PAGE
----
File this under “Don’t Hold Your Breath,” but apparently a majority of Americans want Roe v. Wade upheld.
A majority of Americans say President Bush’s next choice for an opening on the Supreme Court should be willing to uphold the landmark court decision protecting abortion rights, an Associated Press poll found.
The poll found that 59 percent say Bush should choose a nominee who would uphold the 1973 Roe v. Wade decision that legalized abortion. About three in 10, 31 percent, said they want a nominee who would overturn the decision, according to the poll conducted for the AP by Ipsos-Public Affairs.
“While I don’t have a strong feeling about abortions personally, I wouldn’t want the law overturned and return to the days of backdoor abortions,” said Colleen Dunn, 40, a Republican and community college teacher who lives outside Philadelphia.
The preference for Supreme Court nominees who would uphold Roe v. Wade could be found among both men and women, most age groups, most income groups and people living in urban, suburban and rural areas. Fewer than half of Republicans, evangelicals and those over 65 said they favored a nominee who would uphold the abortion ruling.
Given that a number of that 59% probably voted for Bush, I can’t help but wonder how they intend to keep Roe v. Wade, when the religious right is already demanding payback for getting Bush back in office.
Among some conservative Christians, there is a belief that President Bush received a “moral mandate” to win the recent presidential election — and they are calling on him to act on their agenda now.
“I believe Our Lord elected our president and I believe he put him in office and it is my prayer that he will sustain him in office,” said one woman at the Coral Ridge Presbyterian Church in Fort Lauderdale, Fla.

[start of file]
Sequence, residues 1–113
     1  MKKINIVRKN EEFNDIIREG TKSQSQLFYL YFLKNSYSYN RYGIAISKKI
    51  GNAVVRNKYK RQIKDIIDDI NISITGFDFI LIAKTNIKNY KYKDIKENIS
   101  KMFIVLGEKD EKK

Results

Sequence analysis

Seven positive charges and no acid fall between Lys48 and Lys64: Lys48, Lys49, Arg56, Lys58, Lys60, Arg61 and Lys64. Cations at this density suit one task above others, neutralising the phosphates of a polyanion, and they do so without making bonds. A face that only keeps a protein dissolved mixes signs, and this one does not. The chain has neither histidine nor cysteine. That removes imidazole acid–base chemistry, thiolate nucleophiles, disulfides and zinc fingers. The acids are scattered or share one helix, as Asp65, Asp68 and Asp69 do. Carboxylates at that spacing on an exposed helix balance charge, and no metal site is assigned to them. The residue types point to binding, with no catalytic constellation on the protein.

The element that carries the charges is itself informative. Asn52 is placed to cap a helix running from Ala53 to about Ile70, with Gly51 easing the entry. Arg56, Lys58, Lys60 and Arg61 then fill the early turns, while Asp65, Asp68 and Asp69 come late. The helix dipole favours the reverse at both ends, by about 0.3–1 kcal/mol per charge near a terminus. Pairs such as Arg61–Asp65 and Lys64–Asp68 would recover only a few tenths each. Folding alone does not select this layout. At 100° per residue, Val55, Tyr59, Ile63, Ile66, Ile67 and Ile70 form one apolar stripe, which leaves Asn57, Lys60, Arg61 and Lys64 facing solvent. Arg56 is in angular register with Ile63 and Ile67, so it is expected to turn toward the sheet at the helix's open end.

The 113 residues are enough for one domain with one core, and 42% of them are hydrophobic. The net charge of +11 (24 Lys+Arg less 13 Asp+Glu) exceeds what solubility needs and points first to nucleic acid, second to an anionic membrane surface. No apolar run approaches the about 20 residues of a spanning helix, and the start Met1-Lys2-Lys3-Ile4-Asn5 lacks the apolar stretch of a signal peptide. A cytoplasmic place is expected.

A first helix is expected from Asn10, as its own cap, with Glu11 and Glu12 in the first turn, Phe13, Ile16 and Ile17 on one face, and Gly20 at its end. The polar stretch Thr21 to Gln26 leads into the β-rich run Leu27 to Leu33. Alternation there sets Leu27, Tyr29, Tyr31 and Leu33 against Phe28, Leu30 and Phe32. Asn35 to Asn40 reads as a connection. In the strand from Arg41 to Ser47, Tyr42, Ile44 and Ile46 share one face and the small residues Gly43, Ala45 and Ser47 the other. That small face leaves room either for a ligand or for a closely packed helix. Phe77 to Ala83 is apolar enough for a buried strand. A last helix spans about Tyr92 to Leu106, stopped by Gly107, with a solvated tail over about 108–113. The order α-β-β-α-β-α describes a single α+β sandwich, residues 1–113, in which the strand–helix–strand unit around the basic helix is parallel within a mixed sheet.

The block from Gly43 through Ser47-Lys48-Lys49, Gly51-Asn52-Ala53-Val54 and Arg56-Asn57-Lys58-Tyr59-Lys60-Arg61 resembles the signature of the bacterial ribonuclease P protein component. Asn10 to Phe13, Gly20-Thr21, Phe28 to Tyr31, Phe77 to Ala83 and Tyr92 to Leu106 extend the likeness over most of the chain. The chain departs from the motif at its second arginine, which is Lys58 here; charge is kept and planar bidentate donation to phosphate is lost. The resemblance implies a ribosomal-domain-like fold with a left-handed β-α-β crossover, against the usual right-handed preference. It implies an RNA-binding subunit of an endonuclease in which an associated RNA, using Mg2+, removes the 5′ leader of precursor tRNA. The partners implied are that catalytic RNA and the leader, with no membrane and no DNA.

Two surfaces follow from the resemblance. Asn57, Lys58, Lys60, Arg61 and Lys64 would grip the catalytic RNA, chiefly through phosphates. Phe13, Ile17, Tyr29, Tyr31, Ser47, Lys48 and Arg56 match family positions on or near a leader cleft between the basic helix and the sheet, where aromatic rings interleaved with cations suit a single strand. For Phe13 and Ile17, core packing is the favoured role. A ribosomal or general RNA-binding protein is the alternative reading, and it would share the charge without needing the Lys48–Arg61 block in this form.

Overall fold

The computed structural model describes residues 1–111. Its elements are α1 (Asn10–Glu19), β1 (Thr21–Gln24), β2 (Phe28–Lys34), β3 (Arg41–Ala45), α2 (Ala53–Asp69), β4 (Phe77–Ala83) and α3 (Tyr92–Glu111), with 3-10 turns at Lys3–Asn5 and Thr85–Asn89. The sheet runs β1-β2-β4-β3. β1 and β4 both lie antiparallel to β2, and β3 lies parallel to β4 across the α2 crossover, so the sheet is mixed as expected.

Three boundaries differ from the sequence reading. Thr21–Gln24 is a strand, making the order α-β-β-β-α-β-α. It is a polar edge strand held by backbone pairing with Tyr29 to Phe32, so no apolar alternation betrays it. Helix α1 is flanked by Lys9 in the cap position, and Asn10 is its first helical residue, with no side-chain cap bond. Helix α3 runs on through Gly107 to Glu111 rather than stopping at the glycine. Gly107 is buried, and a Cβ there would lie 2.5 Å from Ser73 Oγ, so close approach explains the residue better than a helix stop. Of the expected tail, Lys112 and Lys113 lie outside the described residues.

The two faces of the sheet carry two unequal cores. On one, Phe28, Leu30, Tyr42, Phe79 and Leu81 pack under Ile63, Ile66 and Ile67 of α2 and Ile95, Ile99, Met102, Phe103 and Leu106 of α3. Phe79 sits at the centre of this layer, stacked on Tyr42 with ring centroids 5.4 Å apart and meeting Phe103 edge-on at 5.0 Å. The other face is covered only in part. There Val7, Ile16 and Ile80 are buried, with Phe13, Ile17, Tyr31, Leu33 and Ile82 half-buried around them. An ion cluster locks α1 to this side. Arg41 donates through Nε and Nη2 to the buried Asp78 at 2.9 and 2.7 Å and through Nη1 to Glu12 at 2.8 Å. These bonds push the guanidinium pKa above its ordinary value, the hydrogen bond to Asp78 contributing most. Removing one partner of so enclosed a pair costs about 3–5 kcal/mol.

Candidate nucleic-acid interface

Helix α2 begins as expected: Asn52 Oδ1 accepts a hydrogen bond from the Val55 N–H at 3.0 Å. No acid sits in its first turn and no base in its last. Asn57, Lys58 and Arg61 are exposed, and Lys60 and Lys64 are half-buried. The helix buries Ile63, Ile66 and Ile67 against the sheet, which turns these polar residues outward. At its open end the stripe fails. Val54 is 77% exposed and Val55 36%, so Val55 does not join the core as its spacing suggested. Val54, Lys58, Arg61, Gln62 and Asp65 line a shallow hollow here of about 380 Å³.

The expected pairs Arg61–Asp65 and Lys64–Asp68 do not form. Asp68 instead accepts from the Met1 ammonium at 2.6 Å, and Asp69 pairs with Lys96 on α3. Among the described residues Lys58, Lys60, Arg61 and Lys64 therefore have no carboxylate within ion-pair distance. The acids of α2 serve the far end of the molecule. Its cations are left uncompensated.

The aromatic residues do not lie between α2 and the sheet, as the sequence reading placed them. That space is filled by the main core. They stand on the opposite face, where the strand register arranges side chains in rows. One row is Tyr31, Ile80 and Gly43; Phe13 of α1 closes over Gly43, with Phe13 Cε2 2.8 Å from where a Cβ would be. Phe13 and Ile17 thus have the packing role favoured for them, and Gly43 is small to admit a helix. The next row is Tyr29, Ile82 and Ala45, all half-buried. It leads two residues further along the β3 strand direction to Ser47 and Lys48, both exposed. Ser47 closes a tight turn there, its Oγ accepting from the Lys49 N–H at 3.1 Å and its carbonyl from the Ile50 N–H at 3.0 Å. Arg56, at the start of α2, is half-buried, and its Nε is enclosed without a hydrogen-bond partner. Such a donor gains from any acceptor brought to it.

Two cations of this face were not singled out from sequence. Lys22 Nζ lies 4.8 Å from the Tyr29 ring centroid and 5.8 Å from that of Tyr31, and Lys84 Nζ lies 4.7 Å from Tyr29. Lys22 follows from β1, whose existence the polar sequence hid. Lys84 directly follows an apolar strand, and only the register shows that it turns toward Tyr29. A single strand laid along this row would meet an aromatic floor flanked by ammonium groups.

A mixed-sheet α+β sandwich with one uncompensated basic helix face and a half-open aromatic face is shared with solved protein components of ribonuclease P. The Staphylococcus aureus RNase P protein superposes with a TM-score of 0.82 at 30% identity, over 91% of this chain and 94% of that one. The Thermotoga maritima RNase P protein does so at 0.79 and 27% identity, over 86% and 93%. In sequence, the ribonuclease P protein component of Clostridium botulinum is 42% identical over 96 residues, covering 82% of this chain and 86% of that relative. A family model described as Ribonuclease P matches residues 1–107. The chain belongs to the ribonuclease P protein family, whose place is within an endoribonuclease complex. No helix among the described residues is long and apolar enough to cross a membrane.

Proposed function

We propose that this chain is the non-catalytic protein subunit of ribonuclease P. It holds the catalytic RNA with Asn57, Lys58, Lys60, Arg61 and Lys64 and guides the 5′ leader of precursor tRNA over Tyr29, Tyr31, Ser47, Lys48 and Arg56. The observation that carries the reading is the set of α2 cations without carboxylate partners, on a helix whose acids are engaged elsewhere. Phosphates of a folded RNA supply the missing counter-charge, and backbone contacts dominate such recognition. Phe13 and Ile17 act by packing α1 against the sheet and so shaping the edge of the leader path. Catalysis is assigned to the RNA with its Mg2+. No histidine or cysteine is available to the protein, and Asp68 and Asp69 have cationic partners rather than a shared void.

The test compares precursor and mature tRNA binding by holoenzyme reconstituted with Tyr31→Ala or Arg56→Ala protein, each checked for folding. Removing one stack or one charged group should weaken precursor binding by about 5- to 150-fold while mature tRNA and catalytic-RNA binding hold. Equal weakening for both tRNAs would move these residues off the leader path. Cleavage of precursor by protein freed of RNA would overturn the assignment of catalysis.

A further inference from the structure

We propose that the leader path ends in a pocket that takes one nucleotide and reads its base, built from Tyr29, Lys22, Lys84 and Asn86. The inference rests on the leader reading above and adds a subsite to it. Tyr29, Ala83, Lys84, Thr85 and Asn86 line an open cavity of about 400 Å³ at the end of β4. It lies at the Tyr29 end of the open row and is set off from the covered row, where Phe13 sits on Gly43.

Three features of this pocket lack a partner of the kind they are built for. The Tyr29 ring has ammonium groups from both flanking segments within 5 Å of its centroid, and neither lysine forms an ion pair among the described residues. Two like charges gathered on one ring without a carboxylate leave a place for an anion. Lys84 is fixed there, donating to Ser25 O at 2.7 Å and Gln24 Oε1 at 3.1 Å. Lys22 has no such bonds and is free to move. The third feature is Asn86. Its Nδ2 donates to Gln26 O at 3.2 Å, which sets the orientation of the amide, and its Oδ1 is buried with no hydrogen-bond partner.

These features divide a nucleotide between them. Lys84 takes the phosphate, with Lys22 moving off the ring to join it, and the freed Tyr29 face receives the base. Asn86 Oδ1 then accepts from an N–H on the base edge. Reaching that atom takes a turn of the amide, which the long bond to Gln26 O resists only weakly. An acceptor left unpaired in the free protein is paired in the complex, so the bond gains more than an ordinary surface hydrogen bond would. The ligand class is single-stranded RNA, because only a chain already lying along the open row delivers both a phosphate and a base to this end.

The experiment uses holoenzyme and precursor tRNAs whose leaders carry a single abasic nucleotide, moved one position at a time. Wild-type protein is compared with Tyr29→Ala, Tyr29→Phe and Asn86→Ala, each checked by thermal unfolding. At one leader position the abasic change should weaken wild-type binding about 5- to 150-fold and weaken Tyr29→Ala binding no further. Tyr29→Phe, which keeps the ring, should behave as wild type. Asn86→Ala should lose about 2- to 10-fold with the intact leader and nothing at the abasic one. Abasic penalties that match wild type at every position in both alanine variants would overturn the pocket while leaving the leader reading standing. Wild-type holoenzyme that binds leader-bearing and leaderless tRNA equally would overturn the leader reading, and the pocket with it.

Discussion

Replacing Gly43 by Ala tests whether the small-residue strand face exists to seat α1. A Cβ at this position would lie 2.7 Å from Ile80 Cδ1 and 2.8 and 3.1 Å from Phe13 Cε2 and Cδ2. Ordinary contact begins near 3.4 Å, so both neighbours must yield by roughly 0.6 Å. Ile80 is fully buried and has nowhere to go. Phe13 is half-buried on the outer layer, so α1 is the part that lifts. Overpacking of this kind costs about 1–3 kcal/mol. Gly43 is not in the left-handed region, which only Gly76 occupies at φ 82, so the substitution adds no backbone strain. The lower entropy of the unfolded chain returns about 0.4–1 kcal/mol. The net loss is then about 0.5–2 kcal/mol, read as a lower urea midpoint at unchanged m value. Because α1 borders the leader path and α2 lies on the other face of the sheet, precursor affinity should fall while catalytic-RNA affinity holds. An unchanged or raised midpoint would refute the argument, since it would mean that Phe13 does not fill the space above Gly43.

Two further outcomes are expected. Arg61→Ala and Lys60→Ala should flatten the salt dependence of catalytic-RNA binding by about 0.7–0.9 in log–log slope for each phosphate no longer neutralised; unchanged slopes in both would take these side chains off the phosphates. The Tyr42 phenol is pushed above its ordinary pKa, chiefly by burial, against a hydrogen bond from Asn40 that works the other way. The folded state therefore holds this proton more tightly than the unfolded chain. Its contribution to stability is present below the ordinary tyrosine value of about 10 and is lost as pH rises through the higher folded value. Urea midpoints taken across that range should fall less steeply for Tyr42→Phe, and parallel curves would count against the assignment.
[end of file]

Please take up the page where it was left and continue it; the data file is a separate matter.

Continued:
Another was asked if she believed that God intervened in the election. “Absolutely,” she said.
“Values” voters delivered for the president, and the president must now deliver for them — especially in the courts, said Gary Cass, head of a grassroots political organization affiliated with Coral Ridge, called the Center for Reclaiming America.
“It’s about the next 40 years and how the courts are going to affect the world in which my children and grandchildren are going to be raised in,” he said.
Cass wants a U.S. Supreme Court that will outlaw abortion and gay marriage. “Do you want to take your children to a National League baseball game for instance and have homosexuals showing affection to one another? I don’t want my kids to see that,” he said.
It strikes me as odd that at least some people who are pro-choice would very likely vote for a president who—along with his core consituency—would ultimately like to do away with legal abortion. It’s even more odd that after helping to elect him, and the rest of the Republican government, that they would expect to keep that right. But then, I’ve never quite been able to wrap my brain around the reasons why people vote against their own interests.